COMMUNAL MOTORCYCLE WORKSHOPS have popped up everywhere over the last few years. They’re well-equipped spaces where people pay to use the tools and facilities to wrench on their own bikes, often with help from others. Socializing and skill-sharing are commonplace, and customers often become part of the furniture after a while.
Swedish custom house 6/5/4 Motors opened their own communal workshop in Stockholm six years ago, and now host over 40 ‘tenants.’ The vibe is highly creative, with people working on everything from motorcycles to furniture and even musical instruments.
Rasmus Steyner Randén started renting space there four years ago, and over the years has morphed into the workshop’s go-to ‘floor manager.’ He’s not only handy with a wrench, but also has a background as a motocrosser and graffiti artist, and recently completed his design degree.
This candy-coated 1980 Yamaha SR500 is his own project, with the 6/5/4 Motors staffers backing him up where needed.
Rasmus’ concept was simple: he was stuck in his car in traffic, and decided that a quick and nimble city bike would be a far better prospect. The SR’s not exactly a big bike to start out, but the focus here was to trim it down even further—and give it a hit of color to match Rasmus’ personality.
On the list was new bodywork, a shortened subframe, and running gear that would improve the old Yamaha’s ride quality.
The SR500 now wears a much slimmer fuel tank, lifted from a 1979 Yamaha FS1. Just behind that is a skinny seat and a hand-made luggage rack, and the subframe’s been trimmed and looped to match. Aluminum fenders at both ends finish things off.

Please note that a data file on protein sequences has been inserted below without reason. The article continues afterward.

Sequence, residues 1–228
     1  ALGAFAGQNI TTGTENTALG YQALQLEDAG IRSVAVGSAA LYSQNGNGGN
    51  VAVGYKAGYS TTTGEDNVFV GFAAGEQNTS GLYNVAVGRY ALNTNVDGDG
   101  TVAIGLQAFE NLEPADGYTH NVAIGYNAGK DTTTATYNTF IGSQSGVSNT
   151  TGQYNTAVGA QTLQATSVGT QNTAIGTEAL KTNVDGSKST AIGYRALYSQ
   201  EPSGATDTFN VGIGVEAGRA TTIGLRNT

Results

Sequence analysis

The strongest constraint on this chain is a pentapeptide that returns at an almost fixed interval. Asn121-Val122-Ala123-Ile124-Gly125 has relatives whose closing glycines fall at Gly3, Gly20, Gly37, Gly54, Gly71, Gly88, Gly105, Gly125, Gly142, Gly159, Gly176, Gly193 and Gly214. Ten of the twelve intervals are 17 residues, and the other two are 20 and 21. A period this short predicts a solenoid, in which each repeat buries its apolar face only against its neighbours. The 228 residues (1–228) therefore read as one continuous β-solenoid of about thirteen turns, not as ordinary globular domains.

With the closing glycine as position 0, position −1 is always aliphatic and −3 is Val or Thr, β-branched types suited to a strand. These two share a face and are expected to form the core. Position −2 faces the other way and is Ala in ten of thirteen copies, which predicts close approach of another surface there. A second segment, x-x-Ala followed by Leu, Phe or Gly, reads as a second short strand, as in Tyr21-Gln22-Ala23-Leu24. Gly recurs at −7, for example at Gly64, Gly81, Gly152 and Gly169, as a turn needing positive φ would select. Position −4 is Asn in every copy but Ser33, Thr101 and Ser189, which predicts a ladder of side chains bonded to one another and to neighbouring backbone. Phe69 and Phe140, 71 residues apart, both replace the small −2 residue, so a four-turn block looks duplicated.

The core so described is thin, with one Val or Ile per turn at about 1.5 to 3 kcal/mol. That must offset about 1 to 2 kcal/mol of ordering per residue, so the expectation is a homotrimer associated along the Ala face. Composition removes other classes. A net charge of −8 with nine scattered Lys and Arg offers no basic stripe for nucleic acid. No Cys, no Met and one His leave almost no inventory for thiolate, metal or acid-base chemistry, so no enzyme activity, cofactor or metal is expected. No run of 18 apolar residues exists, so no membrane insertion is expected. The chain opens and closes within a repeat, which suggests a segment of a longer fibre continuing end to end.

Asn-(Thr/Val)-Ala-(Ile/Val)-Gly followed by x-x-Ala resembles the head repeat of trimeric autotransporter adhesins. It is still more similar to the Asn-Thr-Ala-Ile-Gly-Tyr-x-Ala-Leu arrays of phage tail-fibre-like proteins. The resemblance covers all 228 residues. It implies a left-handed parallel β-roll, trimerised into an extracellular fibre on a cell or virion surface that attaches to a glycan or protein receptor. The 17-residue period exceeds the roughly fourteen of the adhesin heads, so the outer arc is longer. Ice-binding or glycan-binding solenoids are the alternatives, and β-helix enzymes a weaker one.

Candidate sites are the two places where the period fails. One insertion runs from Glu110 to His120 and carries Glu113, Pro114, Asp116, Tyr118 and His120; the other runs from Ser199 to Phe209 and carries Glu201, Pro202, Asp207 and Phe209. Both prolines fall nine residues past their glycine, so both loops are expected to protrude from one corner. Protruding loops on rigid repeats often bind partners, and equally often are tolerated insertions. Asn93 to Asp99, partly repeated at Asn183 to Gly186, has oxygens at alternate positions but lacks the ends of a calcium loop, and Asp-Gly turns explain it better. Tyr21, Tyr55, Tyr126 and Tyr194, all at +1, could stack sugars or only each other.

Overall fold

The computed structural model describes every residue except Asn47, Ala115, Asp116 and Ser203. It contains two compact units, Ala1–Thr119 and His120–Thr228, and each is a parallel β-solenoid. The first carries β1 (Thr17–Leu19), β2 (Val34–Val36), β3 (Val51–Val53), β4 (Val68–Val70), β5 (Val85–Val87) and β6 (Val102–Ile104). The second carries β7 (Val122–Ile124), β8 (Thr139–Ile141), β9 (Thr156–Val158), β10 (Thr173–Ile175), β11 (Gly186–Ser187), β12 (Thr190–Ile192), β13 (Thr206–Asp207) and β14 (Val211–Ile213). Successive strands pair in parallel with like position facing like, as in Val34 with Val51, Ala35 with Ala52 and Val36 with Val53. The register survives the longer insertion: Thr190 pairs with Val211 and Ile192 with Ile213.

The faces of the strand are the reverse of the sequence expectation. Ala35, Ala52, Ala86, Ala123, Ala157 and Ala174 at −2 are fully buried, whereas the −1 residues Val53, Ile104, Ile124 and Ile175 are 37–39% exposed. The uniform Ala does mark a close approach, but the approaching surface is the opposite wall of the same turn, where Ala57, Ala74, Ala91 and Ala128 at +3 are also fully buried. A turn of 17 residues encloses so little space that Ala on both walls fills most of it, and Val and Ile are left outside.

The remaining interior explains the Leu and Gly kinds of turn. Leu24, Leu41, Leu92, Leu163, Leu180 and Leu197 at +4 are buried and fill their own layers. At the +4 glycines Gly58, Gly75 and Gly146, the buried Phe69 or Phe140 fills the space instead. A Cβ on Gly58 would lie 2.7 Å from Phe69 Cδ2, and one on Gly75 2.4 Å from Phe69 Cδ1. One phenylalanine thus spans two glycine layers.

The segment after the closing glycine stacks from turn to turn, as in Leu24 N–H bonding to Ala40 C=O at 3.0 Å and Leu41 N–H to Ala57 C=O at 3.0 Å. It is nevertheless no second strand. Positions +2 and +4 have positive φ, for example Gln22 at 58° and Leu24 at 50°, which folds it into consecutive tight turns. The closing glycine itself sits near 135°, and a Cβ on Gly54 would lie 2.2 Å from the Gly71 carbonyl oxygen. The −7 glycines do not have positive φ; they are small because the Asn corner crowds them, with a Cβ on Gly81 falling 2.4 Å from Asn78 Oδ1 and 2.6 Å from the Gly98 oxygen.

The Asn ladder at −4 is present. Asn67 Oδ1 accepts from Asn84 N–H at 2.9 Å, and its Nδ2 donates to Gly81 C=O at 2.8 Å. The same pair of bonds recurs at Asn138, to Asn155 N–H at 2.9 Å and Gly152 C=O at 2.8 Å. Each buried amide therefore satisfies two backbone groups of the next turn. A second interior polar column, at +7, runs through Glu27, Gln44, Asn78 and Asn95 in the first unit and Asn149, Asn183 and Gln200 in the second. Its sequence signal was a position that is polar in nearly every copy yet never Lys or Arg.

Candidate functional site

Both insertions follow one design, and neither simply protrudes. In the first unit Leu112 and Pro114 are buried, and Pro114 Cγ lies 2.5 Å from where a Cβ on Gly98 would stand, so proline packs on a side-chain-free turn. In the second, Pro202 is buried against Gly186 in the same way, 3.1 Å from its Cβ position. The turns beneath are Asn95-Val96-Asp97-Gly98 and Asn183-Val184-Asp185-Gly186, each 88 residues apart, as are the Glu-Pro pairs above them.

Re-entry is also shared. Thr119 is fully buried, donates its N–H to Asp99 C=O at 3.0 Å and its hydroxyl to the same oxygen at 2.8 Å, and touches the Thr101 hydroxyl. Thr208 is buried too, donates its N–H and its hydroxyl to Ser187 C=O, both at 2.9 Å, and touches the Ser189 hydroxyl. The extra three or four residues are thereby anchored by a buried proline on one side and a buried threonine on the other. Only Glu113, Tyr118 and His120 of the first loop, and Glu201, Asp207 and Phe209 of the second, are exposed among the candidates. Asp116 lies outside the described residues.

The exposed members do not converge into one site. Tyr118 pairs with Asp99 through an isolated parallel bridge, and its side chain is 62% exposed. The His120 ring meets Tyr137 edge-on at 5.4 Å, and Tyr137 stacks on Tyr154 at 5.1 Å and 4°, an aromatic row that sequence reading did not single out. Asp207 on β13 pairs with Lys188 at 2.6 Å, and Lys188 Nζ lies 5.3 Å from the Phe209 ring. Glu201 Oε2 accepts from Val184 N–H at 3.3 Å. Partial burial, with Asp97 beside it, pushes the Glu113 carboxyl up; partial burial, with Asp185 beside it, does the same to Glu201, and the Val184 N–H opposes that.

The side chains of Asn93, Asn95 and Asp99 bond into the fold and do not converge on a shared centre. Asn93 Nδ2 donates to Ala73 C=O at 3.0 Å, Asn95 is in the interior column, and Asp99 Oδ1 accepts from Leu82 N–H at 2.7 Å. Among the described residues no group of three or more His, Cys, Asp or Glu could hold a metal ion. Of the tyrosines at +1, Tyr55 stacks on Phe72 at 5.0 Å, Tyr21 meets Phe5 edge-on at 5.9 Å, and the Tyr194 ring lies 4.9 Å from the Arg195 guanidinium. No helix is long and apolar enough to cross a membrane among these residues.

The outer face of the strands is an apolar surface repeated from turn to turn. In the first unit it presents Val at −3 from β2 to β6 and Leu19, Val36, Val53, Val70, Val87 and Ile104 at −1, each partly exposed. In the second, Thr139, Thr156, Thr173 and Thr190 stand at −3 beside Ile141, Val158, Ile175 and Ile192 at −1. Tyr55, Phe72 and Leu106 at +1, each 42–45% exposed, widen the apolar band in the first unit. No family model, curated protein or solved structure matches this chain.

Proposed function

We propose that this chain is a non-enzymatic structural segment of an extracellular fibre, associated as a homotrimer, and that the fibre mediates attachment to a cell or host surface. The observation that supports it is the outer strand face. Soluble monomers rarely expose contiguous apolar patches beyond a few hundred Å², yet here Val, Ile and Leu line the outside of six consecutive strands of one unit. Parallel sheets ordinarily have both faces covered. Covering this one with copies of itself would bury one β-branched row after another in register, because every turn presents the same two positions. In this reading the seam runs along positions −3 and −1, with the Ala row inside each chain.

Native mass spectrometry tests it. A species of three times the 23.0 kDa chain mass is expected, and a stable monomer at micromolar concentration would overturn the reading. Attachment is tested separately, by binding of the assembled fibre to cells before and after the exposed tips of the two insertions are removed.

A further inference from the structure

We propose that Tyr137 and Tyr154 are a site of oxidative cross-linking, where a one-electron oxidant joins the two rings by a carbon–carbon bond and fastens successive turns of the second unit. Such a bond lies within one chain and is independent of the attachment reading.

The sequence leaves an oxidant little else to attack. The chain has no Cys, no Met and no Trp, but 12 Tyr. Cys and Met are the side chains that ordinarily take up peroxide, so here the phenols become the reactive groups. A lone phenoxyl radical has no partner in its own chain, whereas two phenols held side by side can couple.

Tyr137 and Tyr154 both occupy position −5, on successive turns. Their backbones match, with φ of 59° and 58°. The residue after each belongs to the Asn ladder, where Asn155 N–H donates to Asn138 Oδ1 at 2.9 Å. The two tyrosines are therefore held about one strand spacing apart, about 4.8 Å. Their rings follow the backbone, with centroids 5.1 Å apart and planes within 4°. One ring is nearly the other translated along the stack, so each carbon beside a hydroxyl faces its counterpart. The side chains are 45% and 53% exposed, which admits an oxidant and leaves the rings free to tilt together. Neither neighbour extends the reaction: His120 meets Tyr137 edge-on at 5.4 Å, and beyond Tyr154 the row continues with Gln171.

The SR might look cheeky on the outside, but it’s sorted under the hood, too. The motor was rebuilt with a bored out and Nikasil-treated cylinder, a new Wiseco piston and a Kedo oil line for better flow. There’s also a Mikuni VM36 carb with a K&N filter, and a very slick exhaust system from the Italian specialists, SC Project.
Moving to the suspension, the team installed progressive fork springs from Wirth, and a new set of rear shocks from YSS. The wheels are a combo of 18” Excel Takasago rims and Honda CL450 drum brake hubs (chosen for aesthetic reasons).
Higher up you’ll find ProTaper handlebars, shod with Vans ‘waffle’ grips and the most basic of switchgear. Rasmus also added a new decompression lever and foot pegs, Bates-style head- and taillights, and a set of classic turn signals.
Like everything we’ve seen from the 6/5/4 workshop, the SR is incredibly neatly packaged. Rasmus handled the eye-popping tank paint himself, then sent the frame off for a matte teal powder coat. The motor was retouched with a mix of high heat black and hand-brushed finishes.
What we haven’t told you, is that Rasmus’ project had one major delay. Just as he’d finalized his sketches and sourced a suitable donor, he put the project on hold to focus on his design thesis.
That’s where this adorable kid’s balance bike came from. Rasmus has dubbed it ‘Vingla’ (that’s Swedish for ‘wobble’), and took inspiration for the design from his original SR concept drawings.
He designed the whole bike in SolidWorks 3D modeling software, and the prototype you see here is almost entirely 3D printed. The only exceptions are the yellow silicone bits, which were molded using 3D printed molds.
Vingla is more than just cutesy though. Rasmus spent a lot of time researching how to build something that would actually help to teach kids how to ride. And he designed it to be modular, so that the bike can not only be customized, but ‘updated’ too, as a pushback against modern throwaway culture.
Vingla and the Yamaha pair well, but the 6/5/4 crew reckon there’s one key detail missing: a rack to attach the one to the other. We’re waiting…